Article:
The euro must contribute to the construction of a single market by facilitating the movement of citizens and goods, ironing out exchange rate problems, creating price transparency, creating a single price market, stabilizing prices, keeping interest rates low and providing a currency that is used internationally and protected from shocks by the large volume of domestic trade within the euro area. It is also designed as a political symbol of integration. The euro and the monetary policy of those who have adopted it in agreement with the EU are subject to the control of the European Central Bank (ECB). The ECB is the central bank of the euro area and therefore controls monetary policy in this area with a programme of maintaining price stability. It is at the heart of the European Central Bank System, which includes all national central banks in the EU and is controlled by its General Council, composed of the ECB President, appointed by the European Council, the Vice-President of the ECB and the governors of the national central banks of the 27 EU Member States. Monetary union has been rocked by the European sovereign debt crisis since 2009. The comparative advantage theory helps explain why protectionism has traditionally been unsuccessful. If a country moves away from an international trade agreement or a government imposes tariffs, it can bring immediate local benefits in the form of new jobs. However, it is often not a long-term solution to a trade problem.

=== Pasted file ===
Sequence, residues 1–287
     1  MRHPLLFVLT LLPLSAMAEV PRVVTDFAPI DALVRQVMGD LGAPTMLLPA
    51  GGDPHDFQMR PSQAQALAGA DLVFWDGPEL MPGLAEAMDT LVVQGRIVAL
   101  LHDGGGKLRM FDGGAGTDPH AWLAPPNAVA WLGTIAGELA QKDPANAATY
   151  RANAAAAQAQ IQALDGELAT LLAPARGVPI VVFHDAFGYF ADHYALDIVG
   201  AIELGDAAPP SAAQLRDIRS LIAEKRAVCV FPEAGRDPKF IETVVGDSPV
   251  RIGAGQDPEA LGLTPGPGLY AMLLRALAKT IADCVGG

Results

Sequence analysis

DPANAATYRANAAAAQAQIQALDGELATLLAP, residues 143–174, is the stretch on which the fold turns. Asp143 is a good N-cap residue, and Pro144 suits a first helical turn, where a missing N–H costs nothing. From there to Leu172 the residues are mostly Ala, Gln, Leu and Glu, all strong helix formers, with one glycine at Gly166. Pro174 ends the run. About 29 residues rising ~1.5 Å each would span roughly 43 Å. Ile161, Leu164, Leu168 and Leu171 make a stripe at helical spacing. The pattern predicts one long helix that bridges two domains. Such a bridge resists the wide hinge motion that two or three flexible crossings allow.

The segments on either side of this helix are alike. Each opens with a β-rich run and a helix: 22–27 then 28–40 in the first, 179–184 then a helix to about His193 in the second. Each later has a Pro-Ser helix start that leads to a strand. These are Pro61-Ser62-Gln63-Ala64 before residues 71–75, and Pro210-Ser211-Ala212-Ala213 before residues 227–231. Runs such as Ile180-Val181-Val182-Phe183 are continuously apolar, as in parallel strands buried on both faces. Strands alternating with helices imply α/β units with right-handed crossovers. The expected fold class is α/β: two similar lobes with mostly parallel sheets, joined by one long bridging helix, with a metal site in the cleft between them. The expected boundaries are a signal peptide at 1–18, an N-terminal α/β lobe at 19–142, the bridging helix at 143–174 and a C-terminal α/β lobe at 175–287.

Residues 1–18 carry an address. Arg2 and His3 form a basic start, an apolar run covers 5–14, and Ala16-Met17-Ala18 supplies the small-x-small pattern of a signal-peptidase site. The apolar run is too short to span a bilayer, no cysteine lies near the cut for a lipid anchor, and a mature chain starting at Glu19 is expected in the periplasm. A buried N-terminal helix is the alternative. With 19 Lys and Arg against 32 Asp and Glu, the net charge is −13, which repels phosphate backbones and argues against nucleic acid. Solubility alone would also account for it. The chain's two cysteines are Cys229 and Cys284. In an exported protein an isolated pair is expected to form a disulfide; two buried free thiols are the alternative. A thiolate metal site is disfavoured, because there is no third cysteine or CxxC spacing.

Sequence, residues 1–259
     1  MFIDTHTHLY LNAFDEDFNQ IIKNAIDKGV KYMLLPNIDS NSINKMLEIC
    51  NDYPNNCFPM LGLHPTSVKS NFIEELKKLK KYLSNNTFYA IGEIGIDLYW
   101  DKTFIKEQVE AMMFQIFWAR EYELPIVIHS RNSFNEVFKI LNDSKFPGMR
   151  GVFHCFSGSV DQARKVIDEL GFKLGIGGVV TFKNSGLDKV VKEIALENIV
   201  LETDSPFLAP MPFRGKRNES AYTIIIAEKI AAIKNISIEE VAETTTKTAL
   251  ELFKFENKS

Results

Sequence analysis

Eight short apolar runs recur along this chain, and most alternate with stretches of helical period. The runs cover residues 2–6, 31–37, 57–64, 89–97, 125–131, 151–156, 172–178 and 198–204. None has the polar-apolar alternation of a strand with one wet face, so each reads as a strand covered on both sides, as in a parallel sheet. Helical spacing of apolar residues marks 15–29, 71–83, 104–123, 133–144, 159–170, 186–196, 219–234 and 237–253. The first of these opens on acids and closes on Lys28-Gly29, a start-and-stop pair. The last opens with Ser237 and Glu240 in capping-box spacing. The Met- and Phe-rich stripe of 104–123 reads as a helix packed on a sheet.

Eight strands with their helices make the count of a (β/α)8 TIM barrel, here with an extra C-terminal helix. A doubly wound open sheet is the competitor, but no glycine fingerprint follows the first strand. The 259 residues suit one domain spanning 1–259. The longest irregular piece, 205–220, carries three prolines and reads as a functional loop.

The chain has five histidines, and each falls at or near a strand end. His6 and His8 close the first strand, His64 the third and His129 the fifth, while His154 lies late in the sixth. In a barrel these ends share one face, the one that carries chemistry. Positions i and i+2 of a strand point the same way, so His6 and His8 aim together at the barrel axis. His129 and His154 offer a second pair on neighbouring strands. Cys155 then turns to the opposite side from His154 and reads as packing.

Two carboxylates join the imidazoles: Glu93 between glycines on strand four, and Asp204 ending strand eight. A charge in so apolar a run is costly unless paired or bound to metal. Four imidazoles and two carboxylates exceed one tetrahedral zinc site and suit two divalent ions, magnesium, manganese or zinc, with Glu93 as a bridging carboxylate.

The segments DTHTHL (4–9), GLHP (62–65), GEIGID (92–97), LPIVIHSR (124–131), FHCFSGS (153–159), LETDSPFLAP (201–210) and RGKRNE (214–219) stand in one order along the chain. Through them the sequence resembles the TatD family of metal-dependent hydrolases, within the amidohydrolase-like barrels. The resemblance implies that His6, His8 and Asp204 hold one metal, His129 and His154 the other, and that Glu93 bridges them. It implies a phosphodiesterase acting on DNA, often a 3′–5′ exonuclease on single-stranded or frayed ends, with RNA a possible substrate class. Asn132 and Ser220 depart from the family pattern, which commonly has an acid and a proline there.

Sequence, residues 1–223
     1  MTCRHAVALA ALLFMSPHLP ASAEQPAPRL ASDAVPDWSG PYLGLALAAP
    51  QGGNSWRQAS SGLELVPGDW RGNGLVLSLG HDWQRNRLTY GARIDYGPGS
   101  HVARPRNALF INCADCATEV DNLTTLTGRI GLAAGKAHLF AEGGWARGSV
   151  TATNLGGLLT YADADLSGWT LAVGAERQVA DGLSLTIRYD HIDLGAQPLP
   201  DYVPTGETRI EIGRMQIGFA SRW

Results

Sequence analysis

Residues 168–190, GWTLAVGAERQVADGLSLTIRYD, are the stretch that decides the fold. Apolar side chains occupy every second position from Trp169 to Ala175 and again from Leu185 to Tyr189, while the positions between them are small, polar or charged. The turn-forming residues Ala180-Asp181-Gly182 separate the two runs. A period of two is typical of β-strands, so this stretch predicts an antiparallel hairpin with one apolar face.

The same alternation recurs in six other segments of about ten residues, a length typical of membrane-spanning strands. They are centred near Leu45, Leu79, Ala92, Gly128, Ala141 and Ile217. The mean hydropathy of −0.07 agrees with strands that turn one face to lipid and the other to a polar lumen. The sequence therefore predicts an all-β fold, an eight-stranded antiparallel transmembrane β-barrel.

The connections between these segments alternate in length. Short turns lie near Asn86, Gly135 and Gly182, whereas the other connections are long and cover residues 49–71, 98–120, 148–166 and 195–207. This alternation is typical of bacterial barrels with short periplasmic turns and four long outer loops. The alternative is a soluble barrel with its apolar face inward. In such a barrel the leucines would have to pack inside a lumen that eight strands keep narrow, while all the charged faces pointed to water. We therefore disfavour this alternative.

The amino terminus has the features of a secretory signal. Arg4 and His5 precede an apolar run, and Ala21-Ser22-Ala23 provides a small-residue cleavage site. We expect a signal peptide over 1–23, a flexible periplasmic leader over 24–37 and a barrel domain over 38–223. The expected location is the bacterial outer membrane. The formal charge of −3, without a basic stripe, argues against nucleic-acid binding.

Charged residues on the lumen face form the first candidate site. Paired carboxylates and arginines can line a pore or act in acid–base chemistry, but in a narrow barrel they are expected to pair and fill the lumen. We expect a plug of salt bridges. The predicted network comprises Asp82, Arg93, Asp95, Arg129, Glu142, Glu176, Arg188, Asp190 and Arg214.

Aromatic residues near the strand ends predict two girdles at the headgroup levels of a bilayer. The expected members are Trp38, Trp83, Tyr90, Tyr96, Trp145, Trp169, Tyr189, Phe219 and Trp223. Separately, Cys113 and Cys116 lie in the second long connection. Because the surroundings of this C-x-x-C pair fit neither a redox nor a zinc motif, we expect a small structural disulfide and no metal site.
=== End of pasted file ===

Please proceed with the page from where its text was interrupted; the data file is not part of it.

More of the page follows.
At some point, this country will be at a disadvantage compared to its neighbours: countries that have already been able to produce these items at a lower opportunity cost. For many countries, unilateral reforms are the only effective way to reduce barriers to internal trade. However, multilateral and bilateral approaches – removing trade barriers in coordination with other countries – have two advantages over unilateral approaches. First, the economic benefits of international trade will be strengthened and strengthened if many countries or regions agree to remove trade barriers. By expanding markets, concerted trade liberalization enhances competition and specialization between countries, increasing efficiency and consumer incomes. Neoliberal ideology asserts that international trade is an important factor in the development of poor countries and their integration into the global economy. The promotion of these ideals by rich governments has led them to develop a number of new trade agreements such as CETA and CAFTA. These bilateral, multilateral and regional agreements strongly affect people at all levels of the economy – from producers and workers to processors and consumers – by regulating prices, tariffs, export levels and production methods. While proponents claim that trade agreements bring about sustainable development and economic integration, this is not the case.